The tenants at 501 Cruise Street have been vacated amid lingering concern about the stability of the building where bricks tumbled to the sidewalk Tuesday afternoon.

It’s a situation that has the city thinking about the stability of other older downtown buildings and considering requesting inspections.

. . . .

The building owner brought in a structural engineer who evaluated the damage along with Tyson on Thursday and Friday.

“He and I both made the determination that the building is too dangerous to occupy until it gets repaired,” Tyson said.

A masonry specialist for older buildings was also on site Friday afternoon.

Read more . . .


Chapel of the Cross Cemetery

Chapel of the Cross Cemetery

Much-needed repair work at the famous Chapel of the Cross cemetery in Madison County is underway and has been covered both in the Clarion-Ledger and on Walt Grayson’s “Look Around” series on WLBT. 

With the help of master stone mason Michael Drummond Davidson of Eupora, the church’s cemetery guild is ensuring the historic gravestones receive needed maintenance, so that for years to come all who visit may read and remember the history they represent.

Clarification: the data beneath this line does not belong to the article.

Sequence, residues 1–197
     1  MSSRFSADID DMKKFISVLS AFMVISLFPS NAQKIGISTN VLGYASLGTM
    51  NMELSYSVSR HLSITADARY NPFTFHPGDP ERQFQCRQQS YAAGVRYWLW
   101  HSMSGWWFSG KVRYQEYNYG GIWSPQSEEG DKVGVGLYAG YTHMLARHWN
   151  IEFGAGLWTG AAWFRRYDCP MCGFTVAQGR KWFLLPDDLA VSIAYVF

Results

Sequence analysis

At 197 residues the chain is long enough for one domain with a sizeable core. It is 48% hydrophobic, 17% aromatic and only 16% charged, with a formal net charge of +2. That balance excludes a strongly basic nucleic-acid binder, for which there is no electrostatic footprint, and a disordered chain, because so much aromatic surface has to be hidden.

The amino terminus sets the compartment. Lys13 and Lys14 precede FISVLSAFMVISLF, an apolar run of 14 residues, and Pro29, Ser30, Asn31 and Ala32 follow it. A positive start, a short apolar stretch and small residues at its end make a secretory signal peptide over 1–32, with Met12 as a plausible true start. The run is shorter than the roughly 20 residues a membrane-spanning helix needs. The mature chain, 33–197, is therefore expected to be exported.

Davidson and his technician Thomas Torres have spent the last few weeks carefully cleaning 35 gravestones and repairing some that had shifted or were broken.

. . . .

The gravestone of Henry Grey Vick, which is topped with a cross, was cleaned. Vick was engaged to marry Margaret Johnstone’s daughter, Helen, but died in a duel in New Orleans just a few days before their wedding and was buried on what supposed to have been his wedding day.

Read more . . . 

And see the video on Walt’s Look Around.


Great news from Prospect Hill in Jefferson County, a property we at MissPres have been interested in saving since the first days of this blog. Work is now underway to stabilize the porches and other rotted sections of the house and put a new roof on the building. This is the latest Facebook post showing some of the progress.


And finally, congratulations to Belinda Stewart Architects for their latest award for the outstanding restoration of the Tallahatchie County Courthouse at Sumner.



Categories: African American History, Antebellum, Architectural Research, Cemeteries, Civil Rights, Corinth, Courthouses, Delta, Disasters, Historic Preservation, Mississippi Landmarks, News Roundups, Preservation People/Events, Renovation Projects, Sumner, Tupelo


2 replies

  1. Unfortunately, the parapet collapse on that Cruise St. building could possibly lead to various other cornices being lopped off in Corinth, especially if city inspectors start looking around and seeing the poor condition of many of them. Property owners, particularly ones that already do not properly maintain their buildings, could just lop off their buildings’ cornices and be done with the matter, instead of spending actual money to properly restore them.